Trapp: ‘That is, saith M. Lambert, martyr, wheresoever is declared by the course of the Scriptures, the benefits granted to us by Christ’s death, thither will men seek and flee, to know how they may enjoy the same. The sacrificed body of Christ (saith another) hath a most fragrant smell, inviting the saints (like birds of prey) to fly from far with marvellous swiftness to this dead but all quickening carcase…  Christ’s last supper is called by the ancients, Festum aquilarum, non graculorum, a feast for eagles, not for daws.’

Isaiah 60:8  Who are these that fly as a cloud, and as the doves to their windows?

Saturday, 4 May 2013

Is Lucifer Satan?

Isaiah 14:12  How art thou fallen from heaven, O Lucifer, son of the morning! how art thou cut down to the ground, which didst weaken the nations!

There are many, particularly those who hold to the view that the Authorised King James Version of the Bible is the preserved Word of God or the only acceptable translation for use in English-speaking congregations today, who believe that because more modern translations do not use the word Lucifer in Isaiah 14:12, they have not only removed Satan from this passage but, by translating this word as ‘morning star’ or ‘day star’, they have put Christ in the place of Satan, as these terms are synonymous with Christ in 2Peter and the Revelation.  They assert that this is either knowingly or unknowingly a part of some satanic conspiracy.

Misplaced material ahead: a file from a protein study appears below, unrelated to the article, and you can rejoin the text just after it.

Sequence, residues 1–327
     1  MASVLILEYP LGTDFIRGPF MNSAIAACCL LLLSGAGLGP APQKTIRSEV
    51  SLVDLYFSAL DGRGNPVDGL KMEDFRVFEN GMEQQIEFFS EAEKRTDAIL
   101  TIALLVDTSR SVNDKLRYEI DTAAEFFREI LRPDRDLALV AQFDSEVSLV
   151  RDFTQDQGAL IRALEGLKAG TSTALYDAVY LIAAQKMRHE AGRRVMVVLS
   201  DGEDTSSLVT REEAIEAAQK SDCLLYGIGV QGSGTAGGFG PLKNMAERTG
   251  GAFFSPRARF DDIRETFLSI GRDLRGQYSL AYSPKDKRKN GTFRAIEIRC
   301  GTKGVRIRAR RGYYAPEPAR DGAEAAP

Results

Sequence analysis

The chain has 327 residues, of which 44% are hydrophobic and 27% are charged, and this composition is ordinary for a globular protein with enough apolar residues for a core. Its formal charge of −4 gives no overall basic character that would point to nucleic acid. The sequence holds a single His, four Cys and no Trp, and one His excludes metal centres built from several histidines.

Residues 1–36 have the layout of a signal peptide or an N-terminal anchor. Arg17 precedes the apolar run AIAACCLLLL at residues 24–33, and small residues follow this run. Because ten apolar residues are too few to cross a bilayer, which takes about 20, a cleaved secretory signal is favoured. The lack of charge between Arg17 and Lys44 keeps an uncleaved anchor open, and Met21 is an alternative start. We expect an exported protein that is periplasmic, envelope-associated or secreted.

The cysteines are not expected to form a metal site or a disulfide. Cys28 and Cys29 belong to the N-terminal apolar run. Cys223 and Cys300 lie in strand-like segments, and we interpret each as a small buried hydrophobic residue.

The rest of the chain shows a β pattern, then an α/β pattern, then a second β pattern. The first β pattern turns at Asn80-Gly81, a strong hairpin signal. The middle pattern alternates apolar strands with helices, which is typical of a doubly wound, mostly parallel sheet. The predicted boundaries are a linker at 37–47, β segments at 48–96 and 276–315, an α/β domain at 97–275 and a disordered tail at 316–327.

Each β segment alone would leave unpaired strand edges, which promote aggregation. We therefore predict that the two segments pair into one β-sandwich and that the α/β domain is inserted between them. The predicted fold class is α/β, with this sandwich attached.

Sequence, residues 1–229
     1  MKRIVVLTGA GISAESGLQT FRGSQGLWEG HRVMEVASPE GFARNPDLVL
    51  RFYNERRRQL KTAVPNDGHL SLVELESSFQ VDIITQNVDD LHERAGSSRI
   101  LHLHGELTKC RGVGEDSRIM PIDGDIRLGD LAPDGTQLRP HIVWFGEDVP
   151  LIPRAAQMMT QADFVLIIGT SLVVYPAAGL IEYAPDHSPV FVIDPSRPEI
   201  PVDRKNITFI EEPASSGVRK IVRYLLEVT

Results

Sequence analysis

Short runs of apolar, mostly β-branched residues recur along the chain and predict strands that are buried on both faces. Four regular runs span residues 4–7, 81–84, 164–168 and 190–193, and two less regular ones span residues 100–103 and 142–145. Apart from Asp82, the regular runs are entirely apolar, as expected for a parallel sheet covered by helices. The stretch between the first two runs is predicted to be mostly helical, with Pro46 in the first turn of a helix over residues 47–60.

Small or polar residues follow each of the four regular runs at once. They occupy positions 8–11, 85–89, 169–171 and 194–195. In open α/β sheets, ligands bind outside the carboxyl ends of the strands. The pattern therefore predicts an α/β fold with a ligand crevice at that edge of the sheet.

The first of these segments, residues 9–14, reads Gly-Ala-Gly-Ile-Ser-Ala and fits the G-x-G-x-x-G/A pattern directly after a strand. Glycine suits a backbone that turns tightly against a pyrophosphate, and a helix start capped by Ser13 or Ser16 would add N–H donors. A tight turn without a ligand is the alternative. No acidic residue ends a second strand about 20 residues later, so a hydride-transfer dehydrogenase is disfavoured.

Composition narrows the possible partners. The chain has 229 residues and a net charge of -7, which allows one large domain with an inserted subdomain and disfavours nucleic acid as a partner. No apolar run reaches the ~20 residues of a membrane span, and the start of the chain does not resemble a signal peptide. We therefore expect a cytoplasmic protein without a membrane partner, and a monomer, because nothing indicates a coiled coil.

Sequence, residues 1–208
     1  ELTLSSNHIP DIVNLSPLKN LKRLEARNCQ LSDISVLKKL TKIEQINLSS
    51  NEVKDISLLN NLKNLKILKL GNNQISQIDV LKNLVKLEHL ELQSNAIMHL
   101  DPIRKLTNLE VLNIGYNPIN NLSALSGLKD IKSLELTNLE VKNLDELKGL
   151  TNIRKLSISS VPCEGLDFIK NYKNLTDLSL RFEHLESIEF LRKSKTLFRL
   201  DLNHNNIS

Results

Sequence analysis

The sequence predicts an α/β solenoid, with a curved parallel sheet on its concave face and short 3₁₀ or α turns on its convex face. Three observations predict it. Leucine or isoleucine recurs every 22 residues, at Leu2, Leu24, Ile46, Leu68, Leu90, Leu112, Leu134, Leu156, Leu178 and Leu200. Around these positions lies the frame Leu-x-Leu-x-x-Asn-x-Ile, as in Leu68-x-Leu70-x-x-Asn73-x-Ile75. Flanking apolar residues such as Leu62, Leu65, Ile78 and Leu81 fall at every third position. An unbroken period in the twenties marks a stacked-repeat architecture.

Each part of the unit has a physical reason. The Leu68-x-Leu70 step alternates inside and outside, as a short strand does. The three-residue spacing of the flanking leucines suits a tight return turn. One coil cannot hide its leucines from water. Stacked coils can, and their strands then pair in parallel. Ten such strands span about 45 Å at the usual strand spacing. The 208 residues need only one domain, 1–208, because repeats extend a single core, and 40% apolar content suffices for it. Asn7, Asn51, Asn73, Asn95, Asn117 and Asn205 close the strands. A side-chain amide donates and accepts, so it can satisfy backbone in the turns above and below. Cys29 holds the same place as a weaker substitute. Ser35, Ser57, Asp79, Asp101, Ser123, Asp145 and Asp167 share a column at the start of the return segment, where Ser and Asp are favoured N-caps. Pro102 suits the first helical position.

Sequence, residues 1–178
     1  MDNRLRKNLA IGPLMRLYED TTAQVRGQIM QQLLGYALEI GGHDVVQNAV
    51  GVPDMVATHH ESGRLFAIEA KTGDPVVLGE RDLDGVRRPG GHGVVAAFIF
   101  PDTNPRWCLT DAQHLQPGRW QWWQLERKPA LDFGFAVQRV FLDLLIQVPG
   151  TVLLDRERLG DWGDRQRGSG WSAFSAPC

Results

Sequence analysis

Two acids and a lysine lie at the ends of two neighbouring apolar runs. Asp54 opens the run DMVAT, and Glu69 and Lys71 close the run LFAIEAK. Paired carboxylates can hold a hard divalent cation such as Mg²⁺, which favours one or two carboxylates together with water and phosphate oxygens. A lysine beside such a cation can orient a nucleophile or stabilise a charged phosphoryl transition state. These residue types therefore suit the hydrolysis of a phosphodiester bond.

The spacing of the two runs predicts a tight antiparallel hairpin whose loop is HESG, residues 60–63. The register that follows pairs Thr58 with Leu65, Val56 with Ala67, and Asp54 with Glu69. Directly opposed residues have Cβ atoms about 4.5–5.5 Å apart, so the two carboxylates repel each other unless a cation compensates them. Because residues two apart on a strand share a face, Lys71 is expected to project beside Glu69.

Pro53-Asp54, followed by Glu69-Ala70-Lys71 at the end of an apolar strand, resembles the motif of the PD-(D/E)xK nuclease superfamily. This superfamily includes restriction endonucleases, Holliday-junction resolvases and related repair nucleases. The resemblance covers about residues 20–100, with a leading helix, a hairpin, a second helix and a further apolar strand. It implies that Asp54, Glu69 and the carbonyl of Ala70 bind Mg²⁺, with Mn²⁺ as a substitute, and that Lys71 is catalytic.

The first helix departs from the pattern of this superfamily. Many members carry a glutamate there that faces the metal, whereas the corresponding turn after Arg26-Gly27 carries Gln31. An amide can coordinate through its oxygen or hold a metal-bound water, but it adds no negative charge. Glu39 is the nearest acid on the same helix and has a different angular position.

Let us examine these claims.

The word ‘Lucifer’ actually comes from the Latin Vulgate and is not to be found in the Hebrew.  The Hebrew literally means ‘shining one’ or ‘morning star’ and was translated in the Vulgate as a derivative of 'lux', meaning the light bearer.  Strong’s Lexicon confirms the meaning for us:
‘…(in the sense of brightness); the morning star…
And Thayer’s Lexicon agrees, as well as the Ancient Hebrew Lexicon which recognises the use of the word in Hebrew antiquity: ‘
ac: Shine co: Star’.
So, firstly, the more modern translations have done nothing but to translate the Hebrew.  Which Protestant would dare suggest that the Latin Vulgate was 'more inspired' than the original Hebrew?  Therefore, by not reusing the word ‘Lucifer’, these translations are actually getting closer to the original meaning.
The word ‘Lucifer’ isn’t a name for Satan either as this verse does not even implicate the devil at all.  The vast majority of commentators and certainly the best of them recognise that the king of Babylon is being spoken of in Isaiah 14.  Anything else is just speculation.  The context itself declares this:
Isaiah 14:4  That thou shalt take up this proverb against the king of Babylon, and say…

The very best commentators are in complete agreement, their view being summed up by Barnes here: